Soft forking means that after a rule change, nodes that have deployed the new rule can still interact with nodes that have not deployed it.
Take the block size as an example: assume the original block size is 2MB; from now on, half of the network nodes implement the new limit of 1MB block size and consider oversized blocks as invalid.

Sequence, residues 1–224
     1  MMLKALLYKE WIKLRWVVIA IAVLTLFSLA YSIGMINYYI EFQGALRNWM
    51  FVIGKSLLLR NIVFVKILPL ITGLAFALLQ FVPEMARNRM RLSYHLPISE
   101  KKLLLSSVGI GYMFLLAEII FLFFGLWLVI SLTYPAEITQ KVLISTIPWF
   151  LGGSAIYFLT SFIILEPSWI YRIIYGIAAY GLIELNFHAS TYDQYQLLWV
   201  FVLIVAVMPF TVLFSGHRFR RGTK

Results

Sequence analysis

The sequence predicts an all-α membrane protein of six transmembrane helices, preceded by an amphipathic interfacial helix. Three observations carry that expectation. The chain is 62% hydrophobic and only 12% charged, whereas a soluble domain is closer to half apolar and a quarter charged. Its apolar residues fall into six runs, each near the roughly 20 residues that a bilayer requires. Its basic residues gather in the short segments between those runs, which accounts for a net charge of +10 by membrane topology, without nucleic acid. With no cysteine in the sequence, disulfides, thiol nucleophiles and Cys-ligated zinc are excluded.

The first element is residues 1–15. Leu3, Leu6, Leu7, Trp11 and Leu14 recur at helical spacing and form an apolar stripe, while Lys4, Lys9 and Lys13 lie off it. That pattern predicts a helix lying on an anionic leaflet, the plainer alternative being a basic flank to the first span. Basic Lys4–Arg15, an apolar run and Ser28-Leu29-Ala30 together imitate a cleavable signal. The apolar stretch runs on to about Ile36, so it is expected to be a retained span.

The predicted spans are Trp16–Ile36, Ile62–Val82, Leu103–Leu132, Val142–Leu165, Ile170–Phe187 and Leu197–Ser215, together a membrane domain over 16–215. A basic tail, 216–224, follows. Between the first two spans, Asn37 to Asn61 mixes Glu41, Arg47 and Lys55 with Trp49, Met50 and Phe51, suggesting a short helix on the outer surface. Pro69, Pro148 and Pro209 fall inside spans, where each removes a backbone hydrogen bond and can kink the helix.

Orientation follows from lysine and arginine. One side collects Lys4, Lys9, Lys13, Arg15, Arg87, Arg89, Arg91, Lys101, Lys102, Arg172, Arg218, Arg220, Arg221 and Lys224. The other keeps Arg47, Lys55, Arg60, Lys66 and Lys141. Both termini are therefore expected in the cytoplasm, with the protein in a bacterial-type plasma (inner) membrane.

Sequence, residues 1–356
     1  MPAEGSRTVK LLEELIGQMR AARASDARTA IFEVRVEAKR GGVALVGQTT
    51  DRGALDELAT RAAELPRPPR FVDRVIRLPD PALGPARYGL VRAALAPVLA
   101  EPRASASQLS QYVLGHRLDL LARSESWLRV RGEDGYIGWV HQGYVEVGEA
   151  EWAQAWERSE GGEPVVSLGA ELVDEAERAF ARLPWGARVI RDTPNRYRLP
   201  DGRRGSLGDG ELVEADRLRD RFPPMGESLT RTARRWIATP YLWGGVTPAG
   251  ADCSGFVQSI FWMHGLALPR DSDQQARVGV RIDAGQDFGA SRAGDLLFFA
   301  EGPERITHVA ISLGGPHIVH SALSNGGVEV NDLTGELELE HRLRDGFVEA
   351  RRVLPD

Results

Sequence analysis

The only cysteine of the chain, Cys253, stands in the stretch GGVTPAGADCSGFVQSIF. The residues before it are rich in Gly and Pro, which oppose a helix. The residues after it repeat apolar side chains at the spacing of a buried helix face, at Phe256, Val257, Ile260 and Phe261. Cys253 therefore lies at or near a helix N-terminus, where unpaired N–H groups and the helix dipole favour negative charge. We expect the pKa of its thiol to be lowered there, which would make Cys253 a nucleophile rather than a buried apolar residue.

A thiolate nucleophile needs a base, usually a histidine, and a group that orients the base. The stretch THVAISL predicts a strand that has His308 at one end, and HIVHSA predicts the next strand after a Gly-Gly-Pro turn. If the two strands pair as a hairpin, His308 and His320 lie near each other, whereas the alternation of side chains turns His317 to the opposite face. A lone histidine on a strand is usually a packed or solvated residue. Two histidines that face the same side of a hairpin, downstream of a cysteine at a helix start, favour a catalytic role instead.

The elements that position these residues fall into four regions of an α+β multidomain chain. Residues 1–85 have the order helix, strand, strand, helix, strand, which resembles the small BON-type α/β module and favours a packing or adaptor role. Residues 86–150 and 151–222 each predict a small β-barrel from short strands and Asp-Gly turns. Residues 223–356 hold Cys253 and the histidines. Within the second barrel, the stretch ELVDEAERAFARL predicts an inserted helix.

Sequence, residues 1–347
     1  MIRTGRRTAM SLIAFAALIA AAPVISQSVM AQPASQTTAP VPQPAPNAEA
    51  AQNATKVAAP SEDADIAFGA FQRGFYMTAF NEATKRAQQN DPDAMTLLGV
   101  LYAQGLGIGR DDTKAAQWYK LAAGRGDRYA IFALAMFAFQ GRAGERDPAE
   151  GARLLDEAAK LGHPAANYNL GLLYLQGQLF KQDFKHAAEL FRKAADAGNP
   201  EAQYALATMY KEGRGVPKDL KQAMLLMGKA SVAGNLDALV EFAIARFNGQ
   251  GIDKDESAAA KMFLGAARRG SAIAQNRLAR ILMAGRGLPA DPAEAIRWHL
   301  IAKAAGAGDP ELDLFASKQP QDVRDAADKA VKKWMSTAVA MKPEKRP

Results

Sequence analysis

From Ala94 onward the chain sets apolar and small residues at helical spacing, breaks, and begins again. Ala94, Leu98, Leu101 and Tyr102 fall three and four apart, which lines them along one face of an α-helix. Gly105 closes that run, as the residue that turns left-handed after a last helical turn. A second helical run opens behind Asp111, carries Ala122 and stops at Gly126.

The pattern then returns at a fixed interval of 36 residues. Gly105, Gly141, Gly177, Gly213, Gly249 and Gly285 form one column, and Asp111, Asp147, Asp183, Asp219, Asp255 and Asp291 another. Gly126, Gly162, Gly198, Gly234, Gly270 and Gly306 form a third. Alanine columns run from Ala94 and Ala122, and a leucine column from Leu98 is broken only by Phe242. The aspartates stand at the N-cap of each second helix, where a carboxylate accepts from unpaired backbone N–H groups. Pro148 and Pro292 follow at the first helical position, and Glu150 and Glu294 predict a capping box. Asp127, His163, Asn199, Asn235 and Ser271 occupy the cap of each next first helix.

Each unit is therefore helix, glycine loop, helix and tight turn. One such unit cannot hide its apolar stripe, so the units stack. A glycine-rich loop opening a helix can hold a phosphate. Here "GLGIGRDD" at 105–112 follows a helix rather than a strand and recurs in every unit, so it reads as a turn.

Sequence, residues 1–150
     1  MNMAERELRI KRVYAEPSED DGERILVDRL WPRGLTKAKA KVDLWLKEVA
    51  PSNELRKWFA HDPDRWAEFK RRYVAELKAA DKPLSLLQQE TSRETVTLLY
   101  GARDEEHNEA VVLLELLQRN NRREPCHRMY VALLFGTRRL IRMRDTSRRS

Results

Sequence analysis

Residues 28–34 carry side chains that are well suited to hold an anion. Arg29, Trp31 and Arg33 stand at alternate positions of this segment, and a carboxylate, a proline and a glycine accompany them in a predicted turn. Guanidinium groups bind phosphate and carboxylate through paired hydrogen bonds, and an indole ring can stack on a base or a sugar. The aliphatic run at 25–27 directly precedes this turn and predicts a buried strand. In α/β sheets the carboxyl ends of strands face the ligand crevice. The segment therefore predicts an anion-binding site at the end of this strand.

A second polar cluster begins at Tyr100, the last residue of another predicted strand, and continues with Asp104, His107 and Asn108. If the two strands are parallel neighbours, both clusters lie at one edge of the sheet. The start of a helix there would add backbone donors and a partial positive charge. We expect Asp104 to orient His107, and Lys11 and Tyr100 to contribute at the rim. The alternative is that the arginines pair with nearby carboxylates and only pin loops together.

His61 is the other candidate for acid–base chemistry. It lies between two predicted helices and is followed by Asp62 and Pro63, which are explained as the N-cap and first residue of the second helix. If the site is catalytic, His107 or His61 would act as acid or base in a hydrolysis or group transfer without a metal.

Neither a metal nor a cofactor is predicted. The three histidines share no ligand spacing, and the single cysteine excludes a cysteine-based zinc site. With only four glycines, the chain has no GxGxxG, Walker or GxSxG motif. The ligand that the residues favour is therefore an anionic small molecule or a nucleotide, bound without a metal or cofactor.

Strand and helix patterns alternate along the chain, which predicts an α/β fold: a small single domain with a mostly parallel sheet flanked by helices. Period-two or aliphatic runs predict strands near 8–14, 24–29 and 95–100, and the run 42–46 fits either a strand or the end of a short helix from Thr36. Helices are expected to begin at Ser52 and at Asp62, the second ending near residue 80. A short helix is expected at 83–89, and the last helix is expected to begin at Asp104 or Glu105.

The old version of nodes can still receive or broadcast blocks.
In this case, the new network can cover all nodes without being limited by the rule version.
Bitcoin's Segregated Witness (also known as "SegWit") is one example of a soft fork. The fork cleverly introduces a new format for blocks and transactions. Nodes that are not updated can continue to receive block information, but do not participate in the validation of new transactions.
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